How to Break the Ice with In-Laws

The holidays bring families together and that can lead to sticky situations.
Find out how to avoid family feuds and learn to create healthy relationships
with your in laws.

Of all the difficult relational situations you’ll ever face, none takes the cake
like rubbing elbows with the in-laws. Holiday dinners, gift-giving, and even
simple get-togethers can all raise issues bigger than we are. Before you set
off a firestorm of family feuds this holiday season, try implementing a few
in-law enforcement steps to protect your in-laws from becoming out-laws.

This time of year is full of strong feelings and emotional sentiment about
how things should and should not be. An individual, who is usually
reasonable and of sound-mind 364 days of the year, can become ferocious
at the suggestion of a simple change to a Christmas tradition.

LIZ: A girlfriend of mine called me in tears yesterday regarding all the angry
e-mail exchanges among her family members surrounding the topic of,
“what are we going to do for Christmas Eve?” Some people wanted to play
games, others wanted to watch a movie, some family members complained
last year’s program went too long and voted not to read the Christmas story
this year. When the suggestion of food was broached, some wanted potluck,
others wanted a catered dinner, one person even said they hated last year’s
dinner so they didn’t want a “repeat roast of 2010.” Other disagreements
were over the Elephant exchange; “can we just have one for the adults, and
not the kids?, or do we need to continue to have two different exchanges,
one for the adults AND the kids?” The tears and the ideas went on and on.

So right off the bat you suggest that the person who HOSTS decides the


The rest of us get to practice being gracious and kind. Isn’t that wonderful? If
you have tension in your family right now, hooray! You will especially feel the
true spirit of Christmas this weekend because it will be such a contrast to
how you feel right now. As you practice Christmas, whatever that means to
you, you will notice the striking contrast. Without the juxtaposition, the true
meaning might elude you. So take advantage of it; let bygones be bygones;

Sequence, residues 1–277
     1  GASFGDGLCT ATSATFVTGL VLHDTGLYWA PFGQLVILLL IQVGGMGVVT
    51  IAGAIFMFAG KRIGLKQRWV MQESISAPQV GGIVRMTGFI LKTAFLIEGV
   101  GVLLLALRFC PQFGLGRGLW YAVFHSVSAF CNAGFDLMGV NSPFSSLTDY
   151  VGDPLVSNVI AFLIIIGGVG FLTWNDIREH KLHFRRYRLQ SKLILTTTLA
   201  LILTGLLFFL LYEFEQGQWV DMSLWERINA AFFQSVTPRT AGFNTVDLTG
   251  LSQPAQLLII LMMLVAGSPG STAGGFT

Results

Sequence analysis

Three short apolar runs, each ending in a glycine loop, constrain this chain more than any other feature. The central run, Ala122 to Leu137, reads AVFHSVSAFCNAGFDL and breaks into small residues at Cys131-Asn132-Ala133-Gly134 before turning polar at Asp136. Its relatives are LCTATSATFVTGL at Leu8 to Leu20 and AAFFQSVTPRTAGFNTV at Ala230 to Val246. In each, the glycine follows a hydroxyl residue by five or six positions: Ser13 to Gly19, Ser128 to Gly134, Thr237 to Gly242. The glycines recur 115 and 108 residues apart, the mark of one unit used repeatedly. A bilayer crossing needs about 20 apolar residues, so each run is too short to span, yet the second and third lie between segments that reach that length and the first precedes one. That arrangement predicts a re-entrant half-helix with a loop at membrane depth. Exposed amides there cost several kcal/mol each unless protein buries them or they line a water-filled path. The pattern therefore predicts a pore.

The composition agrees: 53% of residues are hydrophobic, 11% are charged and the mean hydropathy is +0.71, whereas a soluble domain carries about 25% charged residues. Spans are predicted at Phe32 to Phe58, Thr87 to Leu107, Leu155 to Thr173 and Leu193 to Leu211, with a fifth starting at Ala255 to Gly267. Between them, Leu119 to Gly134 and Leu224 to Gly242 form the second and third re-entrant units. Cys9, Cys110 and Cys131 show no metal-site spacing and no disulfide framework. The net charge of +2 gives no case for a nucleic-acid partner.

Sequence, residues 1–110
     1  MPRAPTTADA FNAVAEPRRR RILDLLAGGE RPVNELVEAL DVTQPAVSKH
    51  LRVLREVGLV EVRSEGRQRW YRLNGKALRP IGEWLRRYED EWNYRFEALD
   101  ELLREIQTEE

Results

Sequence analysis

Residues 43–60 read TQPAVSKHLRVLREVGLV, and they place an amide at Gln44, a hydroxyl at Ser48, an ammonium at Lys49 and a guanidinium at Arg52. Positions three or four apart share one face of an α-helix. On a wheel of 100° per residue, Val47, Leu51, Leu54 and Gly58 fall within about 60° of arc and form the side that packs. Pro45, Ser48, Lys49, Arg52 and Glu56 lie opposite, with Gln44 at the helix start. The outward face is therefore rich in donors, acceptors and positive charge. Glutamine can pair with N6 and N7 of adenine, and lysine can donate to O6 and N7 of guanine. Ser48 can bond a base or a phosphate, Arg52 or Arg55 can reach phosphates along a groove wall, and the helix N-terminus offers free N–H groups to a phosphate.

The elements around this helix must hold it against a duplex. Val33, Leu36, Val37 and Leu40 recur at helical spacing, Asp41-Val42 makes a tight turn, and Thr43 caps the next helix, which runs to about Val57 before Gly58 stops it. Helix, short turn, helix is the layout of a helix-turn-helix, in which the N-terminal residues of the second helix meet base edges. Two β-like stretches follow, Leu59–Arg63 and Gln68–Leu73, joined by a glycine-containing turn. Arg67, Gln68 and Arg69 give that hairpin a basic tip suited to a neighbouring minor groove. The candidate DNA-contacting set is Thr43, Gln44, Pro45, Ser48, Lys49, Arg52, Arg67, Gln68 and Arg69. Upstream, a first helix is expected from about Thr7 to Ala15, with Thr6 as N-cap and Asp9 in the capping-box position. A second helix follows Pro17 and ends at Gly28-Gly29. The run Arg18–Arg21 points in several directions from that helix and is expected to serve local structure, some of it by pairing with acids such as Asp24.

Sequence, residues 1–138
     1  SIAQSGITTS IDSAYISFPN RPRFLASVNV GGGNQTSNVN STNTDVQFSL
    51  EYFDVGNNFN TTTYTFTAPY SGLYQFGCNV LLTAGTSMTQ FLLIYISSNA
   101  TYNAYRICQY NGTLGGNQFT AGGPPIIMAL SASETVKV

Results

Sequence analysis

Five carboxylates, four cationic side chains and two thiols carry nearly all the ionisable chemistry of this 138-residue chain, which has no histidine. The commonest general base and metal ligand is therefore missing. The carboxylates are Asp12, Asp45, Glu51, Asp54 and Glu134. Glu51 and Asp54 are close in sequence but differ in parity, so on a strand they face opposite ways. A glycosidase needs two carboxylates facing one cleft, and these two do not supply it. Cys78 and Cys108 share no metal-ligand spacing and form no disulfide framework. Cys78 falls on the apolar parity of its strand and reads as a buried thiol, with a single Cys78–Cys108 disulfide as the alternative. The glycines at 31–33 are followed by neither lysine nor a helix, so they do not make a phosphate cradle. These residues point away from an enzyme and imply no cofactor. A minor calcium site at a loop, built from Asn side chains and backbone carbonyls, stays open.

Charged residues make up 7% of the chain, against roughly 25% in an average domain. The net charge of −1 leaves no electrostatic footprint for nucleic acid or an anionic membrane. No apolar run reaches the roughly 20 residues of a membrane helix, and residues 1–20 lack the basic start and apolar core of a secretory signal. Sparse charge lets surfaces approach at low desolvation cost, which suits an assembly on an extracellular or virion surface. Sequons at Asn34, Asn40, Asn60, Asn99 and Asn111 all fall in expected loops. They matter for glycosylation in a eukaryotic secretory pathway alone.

forgive; be flexible; be kind; be grateful. When it is your turn to host or to be
in charge of the white elephant game, do it your way. But this year, it is not
your turn and the holiday will not be ruined because of the absence of or
adjustment to such tradition.


Avoid this tempting triangle of taking sides. (Ever heard of the Bermuda
Triangle? It’s not good, trust me!) If you are the newest one in the family,
watch out! because others may want you for a team-member to strengthen
their side. One of the e-mails my friend received from her step-mother in-
law was, “You’re not going to believe what so-and- so said about you?” This
can be such a hook if you’re not careful. Remember, emotions run high, this
communication did not come to you directly and could easily have been
misinterpreted along the way; and who among us hasn’t said something in
frustration about each other to each other? The best answer, “Oh, there must
be some misunderstanding because I adore _____. Thank you for telling me
but I’m sure ______ didn’t mean it to come out that way. Everything will work
out and we’ll have a wonderful holiday/party/dinner.”


Model kind, respectful relationships with your extended family members,
including all your variety of in-laws. Even before your children reach the age
of young adulthood, discuss with them your family traditions; which ones
came from generations before, which ones started when you and their father
married, and open the door to discuss what traditions they think they might
want to start in their own families one day. Help them build their own
ornament assortment they will take with them one day for their own holiday
decor. Notice the message it sends: “I want you to grow up and have a family
of your own one day; I trust you to be able to do so. And, I am readying
myself for you to one day leave and live a successful life of your own. That is
why I’m raising you as well as I can. You never were mine for keeps. One day